My own unapologetic opinions on books and writing.
I was reading this with a group, but I can't go any further. The plot idea was interesting, but the sentence structure screamed amateur at the beginning and has been getting significantly worse. Mostly over use of 'as' and 'had'.
A really gruesome scene at the end of a chapter badly told was the last straw. No impact because of the structure. I'm bored out of my mind and throwing in the towel on this one.
by Alwyn Hamilton
After reading the first story in this series, I really wanted to continue. The first chapter of this second volume recaps some of what went on in Rebel of the Sands and reminds the reader of the most important characters from that book. Then we're quickly into new adventures.
There is continuity in that the rebellion is still striving to overthrow Ahmed's brother and the beautiful mythology begun in the first book continues and expands, but the action is turned up a notch and some new perspective comes into Amani's adventures. In many ways this story is even better than the first one! It also recaptures the exotic, mock-Arabic atmosphere of the first book and the fascinating variations on Djinni magic are very imaginative.
Amani is put in one situation after another that looks like she may not be able to get out of this time, and some old friends and acquaintances reappear with new significance. The story had me gripped and wanting to just keep reading all the way to the end, apart from one very dramatic scene that was so powerful that I had to put the book down for a few minutes to assimilate the rush of emotion.
The story gave me a real roller coaster of emotions from joy to tragedy. It also had me constantly wondering who could be trusted and who couldn't and was full of surprises!
The end wraps up the current situation, but leaves us in a place where there is definitely more to tell. I often complain about that in first books but I don't mind it so much in a second book because I've committed to the series of my own free will then. The next book is predicted for 2018 and I will have to wait
This series is some of the best Fantasy I've read this century. I can't recommend it highly enough.
by Laurent Gaudé
This story is translated from French and set in Naples, which could be an interesting combination, only the translation seems a little dry. Part of this is because some chapters are written in present tense, which I assume is true to the original. It might work better in French, but I had a very hard time getting into the plot.
Sometimes it would start to get interesting, then I would lose track of what was supposed to be happening. Eventually it became clear that a child had been killed and his mother wanted the father to track down the killer and murder him in revenge, but killing a man in cold blood is not as easy as it sounds.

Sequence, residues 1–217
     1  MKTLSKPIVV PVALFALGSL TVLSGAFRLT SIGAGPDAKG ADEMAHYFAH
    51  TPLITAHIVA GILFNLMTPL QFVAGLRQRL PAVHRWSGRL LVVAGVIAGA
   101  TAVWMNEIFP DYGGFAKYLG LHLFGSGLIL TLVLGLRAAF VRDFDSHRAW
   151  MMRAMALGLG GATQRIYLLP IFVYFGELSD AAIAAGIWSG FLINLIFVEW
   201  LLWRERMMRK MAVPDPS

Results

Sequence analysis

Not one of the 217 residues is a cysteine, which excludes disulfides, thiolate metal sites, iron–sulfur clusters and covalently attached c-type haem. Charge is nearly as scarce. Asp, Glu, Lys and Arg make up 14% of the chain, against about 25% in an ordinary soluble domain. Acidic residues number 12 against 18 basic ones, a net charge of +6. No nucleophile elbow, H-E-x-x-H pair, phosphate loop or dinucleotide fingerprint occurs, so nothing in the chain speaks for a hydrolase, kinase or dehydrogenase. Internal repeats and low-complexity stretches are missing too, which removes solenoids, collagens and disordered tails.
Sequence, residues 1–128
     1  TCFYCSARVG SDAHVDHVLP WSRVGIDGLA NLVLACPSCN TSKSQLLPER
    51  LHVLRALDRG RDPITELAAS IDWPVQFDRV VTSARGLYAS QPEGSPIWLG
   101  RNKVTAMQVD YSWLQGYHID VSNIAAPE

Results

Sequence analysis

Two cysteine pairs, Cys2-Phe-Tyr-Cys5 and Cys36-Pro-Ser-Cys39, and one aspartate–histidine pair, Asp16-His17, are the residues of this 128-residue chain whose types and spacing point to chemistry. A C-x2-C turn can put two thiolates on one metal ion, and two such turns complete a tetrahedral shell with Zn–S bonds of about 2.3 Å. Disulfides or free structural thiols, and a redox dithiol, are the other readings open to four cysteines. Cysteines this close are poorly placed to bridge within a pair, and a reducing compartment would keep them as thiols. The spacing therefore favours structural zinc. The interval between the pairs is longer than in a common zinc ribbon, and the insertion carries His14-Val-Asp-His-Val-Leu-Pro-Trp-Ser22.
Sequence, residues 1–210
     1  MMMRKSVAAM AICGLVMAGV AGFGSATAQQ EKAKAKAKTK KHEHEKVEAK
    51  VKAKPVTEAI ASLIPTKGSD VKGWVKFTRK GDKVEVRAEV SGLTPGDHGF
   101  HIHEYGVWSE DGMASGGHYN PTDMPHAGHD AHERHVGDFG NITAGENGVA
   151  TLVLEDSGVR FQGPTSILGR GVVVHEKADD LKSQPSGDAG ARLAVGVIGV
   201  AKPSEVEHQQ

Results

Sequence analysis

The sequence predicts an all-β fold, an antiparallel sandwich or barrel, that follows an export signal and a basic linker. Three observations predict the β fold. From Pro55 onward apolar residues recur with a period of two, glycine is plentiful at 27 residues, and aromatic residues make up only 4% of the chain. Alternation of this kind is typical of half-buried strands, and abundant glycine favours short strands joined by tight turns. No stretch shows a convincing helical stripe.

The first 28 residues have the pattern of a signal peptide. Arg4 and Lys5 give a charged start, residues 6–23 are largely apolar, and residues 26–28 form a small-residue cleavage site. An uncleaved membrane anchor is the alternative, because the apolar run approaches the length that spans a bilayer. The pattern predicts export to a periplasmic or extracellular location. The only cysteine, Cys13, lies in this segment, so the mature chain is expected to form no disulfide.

In the process of trying to satisfy his wife's need for revenge, Matteo, the father, meets some interesting characters and finds himself examining some of life's deeper questions. An invitation from an unusual priest to visit the underworld leads Matteo on an adventure he didn't bargain for.
Although it took a while to get into this story, it certainly had some interesting aspects. Depictions of the underworld are always of interest and the characters were a strong point. The ending comes full circle and everything fits into place eventually, but it's the sort of story you would have to read twice to get the full benefit of what's going on.
I must be flavor of the month, they keep sending me emails to entice me with free book offers!
Most of them I'm talking myself out of. One was tempting, but I refused.
Then this one was on an email. Second book in a series that I recently read and enjoyed the first one. It did stop on a cliffhanger and I wondered what would happen.
You can't beat free. I succumed.
Since I know I'll be working tomorrow and I'm not close enough to finish anymore books before the end of the day, I might as well get this done early.
8 books for the month, one of them a re-read because a group was reading it.
5 Netgalley books! I had a moment of weakness, but most of this batch have been really good! I even snagged the sequel to Rebel of the Sands, which I'll be starting very soon.
1 craft book and 1 from the Philosophy backlog.
1 Dystopian off my tbr A-list. Oh, I meant to read more from that list, but the Netgalley selections pushed in front again. No worries, only 2 left and one of those is the sequel I'm looking forward to starting.
I also got my samples organised and all the ones off my cloud downloaded to my Kindle folder so I can see how many I've got. I read loads of them but lost track of how many. I have about 130 still to read. I'm going to try to reduce that number every month.
I've had a very enjoyable reading month. I may have given into the lure of Netgalley, but I've learned to spot books I'm more likely to enjoy.
by Alwyn Hamilton
This has the flavor of a mock-Arabic, Arabian Nights sort of story, including mention of genii and other mythological creatures that sound like they should be from that culture, but are actually original mythology invented by the author. The main character, a young person seeking to leave a difficult living situation where law and family tradition work against the rights of young people, puts everything at risk to use a skill for shooting to gain enough money to leave a small desert town and survive for a while longer than mere savings would allow.